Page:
My Family Essay Conclusion Words

So much is at stake in writing a conclusion. This is, after all, your last chance to persuade your readers to your point of view, to impress yourself upon them as a writer and thinker. And the impression you create in your conclusion will shape the impression that stays with your readers after they've finished the essay.

The end of an essay should therefore convey a sense of completeness and closure as well as a sense of the lingering possibilities of the topic, its larger meaning, its implications: the final paragraph should close the discussion without closing it off.

To establish a sense of closure, you might do one or more of the following:

  • Conclude by linking the last paragraph to the first, perhaps by reiterating a word or phrase you used at the beginning.
  • Conclude with a sentence composed mainly of one-syllable words. Simple language can help create an effect of understated drama.
  • Conclude with a sentence that's compound or parallel in structure; such sentences can establish a sense of balance or order that may feel just right at the end of a complex discussion.

To close the discussion without closing it off, you might do one or more of the following:

  • Conclude with a quotation from or reference to a primary or secondary source, one that amplifies your main point or puts it in a different perspective. A quotation from, say, the novel or poem you're writing about can add texture and specificity to your discussion; a critic or scholar can help confirm or complicate your final point. For example, you might conclude an essay on the idea of home in James Joyce's short story collection, Dubliners, with information about Joyce's own complex feelings towards Dublin, his home. Or you might end with a biographer's statement about Joyce's attitude toward Dublin, which could illuminate his characters' responses to the city. Just be cautious, especially about using secondary material: make sure that you get the last word.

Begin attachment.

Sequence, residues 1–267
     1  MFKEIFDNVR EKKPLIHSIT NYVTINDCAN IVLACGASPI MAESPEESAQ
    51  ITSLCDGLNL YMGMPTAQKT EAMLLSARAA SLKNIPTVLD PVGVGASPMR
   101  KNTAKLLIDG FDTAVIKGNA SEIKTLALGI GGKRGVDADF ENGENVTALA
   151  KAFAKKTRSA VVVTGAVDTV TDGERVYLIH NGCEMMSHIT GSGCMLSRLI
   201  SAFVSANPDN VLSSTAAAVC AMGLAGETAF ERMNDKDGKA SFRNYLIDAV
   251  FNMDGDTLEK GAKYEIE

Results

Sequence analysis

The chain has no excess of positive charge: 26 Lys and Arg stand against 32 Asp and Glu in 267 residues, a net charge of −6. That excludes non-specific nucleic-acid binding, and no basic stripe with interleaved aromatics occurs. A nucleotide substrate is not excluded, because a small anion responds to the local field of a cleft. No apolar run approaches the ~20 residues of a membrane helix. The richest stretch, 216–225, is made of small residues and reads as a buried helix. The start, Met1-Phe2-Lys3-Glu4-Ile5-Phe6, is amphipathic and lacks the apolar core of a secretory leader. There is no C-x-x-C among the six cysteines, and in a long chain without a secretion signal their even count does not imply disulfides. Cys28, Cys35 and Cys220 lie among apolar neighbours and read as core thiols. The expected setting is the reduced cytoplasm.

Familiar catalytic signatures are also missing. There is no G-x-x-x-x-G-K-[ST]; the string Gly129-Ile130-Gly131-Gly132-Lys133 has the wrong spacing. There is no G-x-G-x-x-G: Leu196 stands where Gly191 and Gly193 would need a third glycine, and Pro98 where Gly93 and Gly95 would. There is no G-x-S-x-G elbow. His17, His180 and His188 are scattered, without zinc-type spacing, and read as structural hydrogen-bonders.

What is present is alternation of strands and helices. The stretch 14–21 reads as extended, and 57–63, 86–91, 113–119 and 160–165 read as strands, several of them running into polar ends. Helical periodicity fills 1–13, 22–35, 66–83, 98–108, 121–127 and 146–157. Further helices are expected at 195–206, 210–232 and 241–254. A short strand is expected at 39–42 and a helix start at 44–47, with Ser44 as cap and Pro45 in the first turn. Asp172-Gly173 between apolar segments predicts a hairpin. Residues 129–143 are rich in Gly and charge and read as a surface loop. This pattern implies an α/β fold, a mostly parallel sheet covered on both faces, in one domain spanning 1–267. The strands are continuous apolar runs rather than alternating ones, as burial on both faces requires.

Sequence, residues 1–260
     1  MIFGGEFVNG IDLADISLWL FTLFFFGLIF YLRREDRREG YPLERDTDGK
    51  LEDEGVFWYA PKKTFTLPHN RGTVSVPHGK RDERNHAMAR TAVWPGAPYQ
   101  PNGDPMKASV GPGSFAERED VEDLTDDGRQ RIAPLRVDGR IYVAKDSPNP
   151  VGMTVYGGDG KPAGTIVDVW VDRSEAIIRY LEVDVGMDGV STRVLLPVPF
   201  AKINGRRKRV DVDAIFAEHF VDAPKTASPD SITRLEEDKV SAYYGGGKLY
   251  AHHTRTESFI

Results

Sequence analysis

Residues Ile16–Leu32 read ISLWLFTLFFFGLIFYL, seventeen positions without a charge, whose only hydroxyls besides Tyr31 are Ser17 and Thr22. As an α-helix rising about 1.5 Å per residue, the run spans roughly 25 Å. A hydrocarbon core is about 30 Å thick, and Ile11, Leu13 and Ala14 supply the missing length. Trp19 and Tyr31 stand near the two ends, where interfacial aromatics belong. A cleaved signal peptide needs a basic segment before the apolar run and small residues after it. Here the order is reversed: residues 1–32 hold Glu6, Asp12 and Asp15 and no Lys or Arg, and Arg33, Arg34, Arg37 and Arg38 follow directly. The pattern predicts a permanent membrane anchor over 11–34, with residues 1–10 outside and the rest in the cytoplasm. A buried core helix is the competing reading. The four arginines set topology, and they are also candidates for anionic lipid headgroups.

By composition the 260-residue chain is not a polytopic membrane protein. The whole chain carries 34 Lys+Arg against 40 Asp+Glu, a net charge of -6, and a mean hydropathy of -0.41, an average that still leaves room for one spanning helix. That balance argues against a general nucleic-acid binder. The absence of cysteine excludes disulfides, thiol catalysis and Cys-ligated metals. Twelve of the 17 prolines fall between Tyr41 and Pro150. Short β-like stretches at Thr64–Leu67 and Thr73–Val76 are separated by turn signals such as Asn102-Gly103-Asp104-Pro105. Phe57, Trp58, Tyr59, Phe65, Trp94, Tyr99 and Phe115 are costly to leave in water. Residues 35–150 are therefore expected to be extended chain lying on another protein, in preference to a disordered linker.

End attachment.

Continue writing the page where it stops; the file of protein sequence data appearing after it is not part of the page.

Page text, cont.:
• Conclude by setting your discussion into a different, perhaps larger, context. For example, you might end an essay on nineteenth-century muckraking journalism by linking it to a current news magazine program like 60 Minutes.
  • Conclude by redefining one of the key terms of your argument. For example, an essay on Marx's treatment of the conflict between wage labor and capital might begin with Marx's claim that the "capitalist economy is . . . a gigantic enterprise ofdehumanization"; the essay might end by suggesting that Marxist analysis is itself dehumanizing because it construes everything in economic -- rather than moral or ethical-- terms.
  • Conclude by considering the implications of your argument (or analysis or discussion). What does your argument imply, or involve, or suggest? For example, an essay on the novel Ambiguous Adventure, by the Senegalese writer Cheikh Hamidou Kane, might open with the idea that the protagonist's development suggests Kane's belief in the need to integrate Western materialism and Sufi spirituality in modern Senegal. The conclusion might make the new but related point that the novel on the whole suggests that such an integration is (or isn't) possible.

Finally, some advice on how not to end an essay:

  • Don't simply summarize your essay. A brief summary of your argument may be useful, especially if your essay is long--more than ten pages or so. But shorter essays tend not to require a restatement of your main ideas.